Background-Despite the epidemic rise in obesity, few studies have evaluated the effect of obesity on cost following cardiac surgery. We hypothesized that increasing body mass index (BMI) is associated with worse risk-adjusted outcomes and higher cost. Methods and Results-Medical records for 13 637 consecutive patients who underwent coronary artery bypass grafting (9702), aortic (1535) or mitral (837) valve surgery, and combined valve-coronary artery bypass grafting (1663) procedures were extracted from a regional Society of Thoracic Surgeons certified database. Patients were stratified by BMI: normal to overweight (BMI 18.5-30), obese (BMI 30-40), and morbidly obese (BMI > 40). Differences in outcomes and cost were compared between BMI strata and also modeled as a continuous function of BMI with adjustment for preoperative risk using Society of Thoracic Surgeons predictive risk indices. Morbidly obese patients incurred nearly 60% greater observed mortality than normal weight patients. Moreover, morbidly obese patients had greater than 2-fold increase in renal failure and 6.5-fold increase in deep sternal wound infection. After risk adjustment, a significant association was found between BMI and mortality (P < 0.001) and major morbidity (P < 0.001). The risk-adjusted odds ratio for mortality for morbidly obese patients was 1.57 (P=0.02) compared to normal patients. Importantly, risk-adjusted total hospital cost increased with BMI, with 17.2% higher costs in morbidly obese patients. Conclusions-Higher BMI is associated with increased mortality, major morbidity, and cost for hospital care. As such, BMI should be more strongly considered in risk assessment and resource allocation.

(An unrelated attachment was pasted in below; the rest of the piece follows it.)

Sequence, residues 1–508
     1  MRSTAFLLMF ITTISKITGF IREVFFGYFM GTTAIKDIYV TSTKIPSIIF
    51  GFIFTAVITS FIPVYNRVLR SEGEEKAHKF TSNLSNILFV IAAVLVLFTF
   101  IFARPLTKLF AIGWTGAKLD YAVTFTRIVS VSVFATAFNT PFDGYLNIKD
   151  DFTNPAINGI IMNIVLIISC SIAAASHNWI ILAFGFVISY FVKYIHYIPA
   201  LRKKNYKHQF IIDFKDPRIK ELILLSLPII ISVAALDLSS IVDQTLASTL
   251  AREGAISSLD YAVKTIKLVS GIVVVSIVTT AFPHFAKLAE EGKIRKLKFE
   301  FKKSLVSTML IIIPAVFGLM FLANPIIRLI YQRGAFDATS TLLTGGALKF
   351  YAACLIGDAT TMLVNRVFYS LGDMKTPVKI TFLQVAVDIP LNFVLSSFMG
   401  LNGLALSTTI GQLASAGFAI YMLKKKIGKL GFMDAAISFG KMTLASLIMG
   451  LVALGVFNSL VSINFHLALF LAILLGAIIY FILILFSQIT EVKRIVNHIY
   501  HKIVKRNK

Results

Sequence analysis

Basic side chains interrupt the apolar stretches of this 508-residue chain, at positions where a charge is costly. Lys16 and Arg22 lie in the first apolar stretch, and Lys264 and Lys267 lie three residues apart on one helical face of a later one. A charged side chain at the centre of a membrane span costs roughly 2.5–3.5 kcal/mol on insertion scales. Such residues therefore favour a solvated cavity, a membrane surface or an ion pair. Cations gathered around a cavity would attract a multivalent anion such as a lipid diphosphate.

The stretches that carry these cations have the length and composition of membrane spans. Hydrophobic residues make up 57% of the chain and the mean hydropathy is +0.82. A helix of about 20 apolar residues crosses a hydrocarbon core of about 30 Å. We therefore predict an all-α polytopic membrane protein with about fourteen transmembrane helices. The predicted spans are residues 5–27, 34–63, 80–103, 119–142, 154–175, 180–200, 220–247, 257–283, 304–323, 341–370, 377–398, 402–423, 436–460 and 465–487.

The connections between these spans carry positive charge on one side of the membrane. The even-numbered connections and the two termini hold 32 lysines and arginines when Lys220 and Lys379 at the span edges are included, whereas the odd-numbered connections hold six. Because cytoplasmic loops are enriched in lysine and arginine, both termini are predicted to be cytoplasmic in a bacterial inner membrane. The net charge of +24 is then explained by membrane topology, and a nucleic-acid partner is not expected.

ASJC Scopus subject areas
- Cardiology and Cardiovascular Medicine